Portraits of Wildflowers

Perspectives on Nature Photography

Posts Tagged ‘native plants

Western wild rose

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How about this flower I found on a western wild rose bush (Rosa woodsii) near the top of Scott’s Bluff National Monument in far western Nebraska on May 29th?

© 2017 Steven Schwartzman

Written by Steve Schwartzman

July 22, 2017 at 4:51 AM

New Zealand: two plants to ward off scurvy

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On the grounds surrounding the museum in Russell on February 10th I found various cultivated native plants, along with little signs that identified some of them. The one shown above is Apium prostratum subsp. prostratum var. filiforme (yikes!), known in Māori as tutae koau and in English as shore celery and New Zealand celery. The one shown below is Lepidium oleraceum, called nau in Māori and Cooks [sic] scurvy grass in English. British sailors ate both of them to ward off scurvy, as the last link and another explain in more detail; in fact those plants were the first two ever gathered for food by Europeans in New Zealand.

© 2017 Steven Schwartzman

Written by Steve Schwartzman

April 23, 2017 at 4:56 AM

New Zealand: flax

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Along with ferns, the other practically ubiquitous type of native plant one sees in New Zealand is flax. At least that’s what the British called it after they arrived and found the Māori using the fibers of the plant to make cloth, just as the Europeans used flax to make linen. The Māori call these members of the lily family harakeke, the most common species of which is Phormium tenax.

On February 12, after driving a few minutes west from the site where I took the picture of sand dunes that you saw last time (and you can still see them in the background this time), I came to the Arai-Te-Uru Recreation Reserve, where I was able to portray these New Zealand flax plants in the stage after they’ve produced and shed seeds.

© 2017 Steven Schwartzman

Written by Steve Schwartzman

March 31, 2017 at 4:48 AM

New Zealand: pīngao

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On February 13th we visited the Puheke Reserve on the northern shore of the Karikari Peninsula in the Northland region of New Zealand. My attention was soon drawn to a plant that on the whole grew toward the sea even as individual tufts tended to curl back in the opposite direction. The best I can tell, the plant is pīngao, a sedge that botanists classify as Ficinia spiralis. It’s endemic to New Zealand but animal grazing and the spread of a non-native grass have continued to curtail this sedge’s historical range.

© 2017 Steven Schwartzman

Written by Steve Schwartzman

March 23, 2017 at 4:43 AM

Old plainsman buds opening

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Again from the strip of land between Arboretum Blvd. and Loop 360 on March 14th, here are some opening buds of old plainsman (Hymenopappus scabiosaeus). Don’t you find them sculptural?

As with the previous image, I had to lie down to take this photograph, given that the small buds were little more than a foot (0.3m) above the ground. Unlike the Indian paintbrush and bluebonnet shown in the last post, old plainsman is a native plant that few people pay attention to, much less appreciate. On the contrary, I suspect many consider it a weed. Not I.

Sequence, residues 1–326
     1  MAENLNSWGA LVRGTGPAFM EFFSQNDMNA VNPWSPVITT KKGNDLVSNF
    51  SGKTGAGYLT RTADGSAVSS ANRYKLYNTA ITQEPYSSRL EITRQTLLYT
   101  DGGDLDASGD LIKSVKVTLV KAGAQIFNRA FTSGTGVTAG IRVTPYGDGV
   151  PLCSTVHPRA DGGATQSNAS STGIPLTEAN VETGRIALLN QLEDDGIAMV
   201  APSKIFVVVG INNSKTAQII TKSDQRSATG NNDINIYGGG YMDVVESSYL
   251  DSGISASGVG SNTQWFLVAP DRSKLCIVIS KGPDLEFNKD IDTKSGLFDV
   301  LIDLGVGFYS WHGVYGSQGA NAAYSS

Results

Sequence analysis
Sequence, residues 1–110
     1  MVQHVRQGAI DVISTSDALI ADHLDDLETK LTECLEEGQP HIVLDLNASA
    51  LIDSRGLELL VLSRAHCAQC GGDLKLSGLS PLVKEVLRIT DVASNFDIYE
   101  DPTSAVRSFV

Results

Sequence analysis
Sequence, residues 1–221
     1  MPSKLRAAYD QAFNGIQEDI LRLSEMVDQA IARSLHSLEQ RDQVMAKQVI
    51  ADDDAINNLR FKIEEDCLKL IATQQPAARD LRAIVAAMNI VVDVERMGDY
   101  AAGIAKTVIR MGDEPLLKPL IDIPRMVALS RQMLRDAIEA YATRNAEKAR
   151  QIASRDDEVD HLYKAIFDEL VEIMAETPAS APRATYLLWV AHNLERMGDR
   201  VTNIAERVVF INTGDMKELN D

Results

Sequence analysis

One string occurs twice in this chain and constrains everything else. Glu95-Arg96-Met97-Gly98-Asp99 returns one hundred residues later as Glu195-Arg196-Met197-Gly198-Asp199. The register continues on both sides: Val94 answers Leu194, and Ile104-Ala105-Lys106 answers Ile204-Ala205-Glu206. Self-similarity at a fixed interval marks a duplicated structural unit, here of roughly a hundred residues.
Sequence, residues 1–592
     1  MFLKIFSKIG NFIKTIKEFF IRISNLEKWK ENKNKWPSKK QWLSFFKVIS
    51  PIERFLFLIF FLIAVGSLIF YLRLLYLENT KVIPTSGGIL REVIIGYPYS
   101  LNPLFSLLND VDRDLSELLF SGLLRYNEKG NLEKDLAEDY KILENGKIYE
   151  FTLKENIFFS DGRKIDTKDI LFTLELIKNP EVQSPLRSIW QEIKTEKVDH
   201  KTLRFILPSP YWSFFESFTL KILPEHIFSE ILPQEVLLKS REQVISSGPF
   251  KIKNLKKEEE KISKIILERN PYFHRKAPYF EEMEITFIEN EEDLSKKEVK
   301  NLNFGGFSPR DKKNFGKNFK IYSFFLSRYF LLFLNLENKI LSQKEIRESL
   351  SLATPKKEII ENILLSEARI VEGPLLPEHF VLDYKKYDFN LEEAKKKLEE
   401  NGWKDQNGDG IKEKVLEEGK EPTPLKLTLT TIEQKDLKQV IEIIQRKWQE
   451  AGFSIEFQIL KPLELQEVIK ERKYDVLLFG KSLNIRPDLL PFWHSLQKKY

© 2017 Steven Schwartzman

Written by Steve Schwartzman

March 17, 2017 at 4:50 AM

Pickleweed

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Click to enlarge.

In the wetlands of California’s Martinez Regional Shoreline on November 2nd of last year I came across the strange-looking (to me) plant shown here. I had no idea what it was, but when we were walking back to the car I noticed a woman coming toward us carrying a bunch of plastic buckets. On impulse I asked: “Are you a native plant person?” She said she wasn’t specifically, but it turned out she was indeed a biologist and knew a fair amount about the native species there. She identified my mystery plant as pickleweed. She added that its genus had changed and she couldn’t remember which of the two names that came into her mind is the current one. I looked it up later and found that the latest name is Sarcocornia pacifica (changed from Salicornia). I also learned that other common names for the plant are sea asparagus; perennial saltwort; American glasswort; and Pacific samphire, along with a folk-etymologized version of that, Pacific swampfire.

If pickleweed seems a strange name, I found the explanation for it in an article on a website from British Columbia: “Sea asparagus is edible and is sold in some stores, particularly seafood, local food, or specialty stores. It is picked wild and often pickled. It has a salty taste, and can be cooked in a variety of ways.” The Watershed Nursery website adds: “Pickleweed is a halophytic (tolerant of salty conditions)…. Salicornia species are being tested as a biofuel crop as it is composed of 32% oil and being a halophyte can be irrigated with salt water.”

Also strange is the disjoint distribution of this plant, which includes Long Island, where I grew up on the other side of the country from California.

Below is a closeup showing why this plant has traditionally been put in the goosefoot family (botanists now classify it as a member of the amaranth family).

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Click to enlarge a bunch.

© 2017 Steven Schwartzman

Written by Steve Schwartzman

March 6, 2017 at 4:45 AM

Wright’s buckwheat

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While great clouds made the day on November 9, 2016, above Hueco Tanks State Park in far west Texas, this subtly colorful stand of Wright‘s buckwheat (Eriogonum wrightii) caught my fancy there as well.

© 2017 Steven Schwartzman

Written by Steve Schwartzman

January 19, 2017 at 5:00 AM

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